Jennifer A. Doudna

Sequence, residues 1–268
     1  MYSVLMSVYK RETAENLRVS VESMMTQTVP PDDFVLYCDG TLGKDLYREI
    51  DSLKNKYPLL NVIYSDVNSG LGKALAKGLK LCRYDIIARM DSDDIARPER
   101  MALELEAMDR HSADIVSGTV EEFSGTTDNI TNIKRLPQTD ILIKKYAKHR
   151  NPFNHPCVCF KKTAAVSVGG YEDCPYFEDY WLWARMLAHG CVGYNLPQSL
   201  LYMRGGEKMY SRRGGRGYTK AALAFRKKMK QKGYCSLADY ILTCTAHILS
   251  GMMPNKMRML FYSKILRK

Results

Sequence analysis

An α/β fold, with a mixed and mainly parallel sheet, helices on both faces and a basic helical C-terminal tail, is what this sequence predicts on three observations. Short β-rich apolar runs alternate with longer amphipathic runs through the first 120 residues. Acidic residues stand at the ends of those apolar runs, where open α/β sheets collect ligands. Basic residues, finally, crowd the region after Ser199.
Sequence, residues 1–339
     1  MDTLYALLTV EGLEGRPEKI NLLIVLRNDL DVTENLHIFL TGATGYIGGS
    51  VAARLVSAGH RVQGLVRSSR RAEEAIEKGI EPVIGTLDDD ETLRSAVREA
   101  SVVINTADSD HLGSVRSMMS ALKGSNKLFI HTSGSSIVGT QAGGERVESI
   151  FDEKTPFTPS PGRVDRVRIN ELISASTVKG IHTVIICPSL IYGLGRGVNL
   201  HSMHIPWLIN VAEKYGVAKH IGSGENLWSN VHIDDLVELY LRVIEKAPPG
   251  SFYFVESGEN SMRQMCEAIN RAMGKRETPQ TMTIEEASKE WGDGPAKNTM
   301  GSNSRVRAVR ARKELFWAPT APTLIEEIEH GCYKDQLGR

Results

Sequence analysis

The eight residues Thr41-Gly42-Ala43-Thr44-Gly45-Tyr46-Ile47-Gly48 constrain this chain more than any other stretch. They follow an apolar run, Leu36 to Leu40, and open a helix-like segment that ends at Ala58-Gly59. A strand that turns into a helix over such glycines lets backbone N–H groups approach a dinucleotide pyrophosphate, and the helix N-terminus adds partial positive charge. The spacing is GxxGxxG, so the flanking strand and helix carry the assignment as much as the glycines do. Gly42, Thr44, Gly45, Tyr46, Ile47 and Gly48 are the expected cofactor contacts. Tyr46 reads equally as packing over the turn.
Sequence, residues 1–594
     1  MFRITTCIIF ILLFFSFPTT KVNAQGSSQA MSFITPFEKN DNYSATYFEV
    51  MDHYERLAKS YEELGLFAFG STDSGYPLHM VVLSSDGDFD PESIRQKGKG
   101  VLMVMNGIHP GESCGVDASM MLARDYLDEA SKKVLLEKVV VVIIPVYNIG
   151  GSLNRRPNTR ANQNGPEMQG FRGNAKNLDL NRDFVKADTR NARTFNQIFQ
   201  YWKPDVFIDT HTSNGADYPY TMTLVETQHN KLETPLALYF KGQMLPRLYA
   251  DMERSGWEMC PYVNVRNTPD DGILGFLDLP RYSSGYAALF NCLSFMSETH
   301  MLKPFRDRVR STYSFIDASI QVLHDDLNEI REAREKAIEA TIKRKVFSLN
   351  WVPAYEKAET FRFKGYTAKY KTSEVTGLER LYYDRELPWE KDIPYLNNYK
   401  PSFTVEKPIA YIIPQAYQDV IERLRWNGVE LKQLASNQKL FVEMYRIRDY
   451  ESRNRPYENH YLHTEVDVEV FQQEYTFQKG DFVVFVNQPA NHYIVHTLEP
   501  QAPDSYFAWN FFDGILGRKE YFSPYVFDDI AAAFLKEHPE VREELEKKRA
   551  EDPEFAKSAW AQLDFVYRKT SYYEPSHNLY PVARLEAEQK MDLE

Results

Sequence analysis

Jennifer A. Doudna is the Li Ka Shing Chancellor’s Chair in Biomedical and Health Sciences; Professor of Molecular and Cell Biology; and Professor of Chemistry at the University of California, Berkeley. She is also an Investigator of the Howard Hughes Medical Institute. Doudna’s work explains how RNA can act like an enzyme to catalyze specific biochemical reactions and how polyanionic RNA forms a three-dimensional structure. With her husband Jamie Cate, Doudna was the first to solve the structure of the Tetrahymena Group I ribozyme, the second solved folded RNA structure since tRNA. They discovered that magnesium ions cluster at the center of the ribozyme and serve as a core for RNA folding similar to that of a hydrophobic core of a protein. This work led to further structural studies on the HDV ribozyme, the IRES, and protein-RNA complexes like the Signal Recognition Particle. Her lab now focuses on obtaining a mechanistic understanding of biological processes involving RNA. This work is divided over three major areas: the CRISPR system, RNA interference, and translational control via microRNAs. Her work lays the foundation for understanding the evolution of RNAs and their relationship to the molecules that played a role in early forms of life. In 2000 Doudna received the Alan T. Waterman Award, the United States's highest honor for scientists no older than 35, from the National Science Foundation. Since then she has received numerous other prestigious awards including the Eli Lilly Award, the Breakthrough Prize in Life Sciences, the Dr. Paul Janssen Award in Biomedical Research, and the Lurie Prize in Biomedical Science. She is a member of the National Academy of Sciences and the Institute of Medicine, in addition to her American Academy of Arts and Sciences Membership. Her numerous publications appear in journals such as Nature and Science.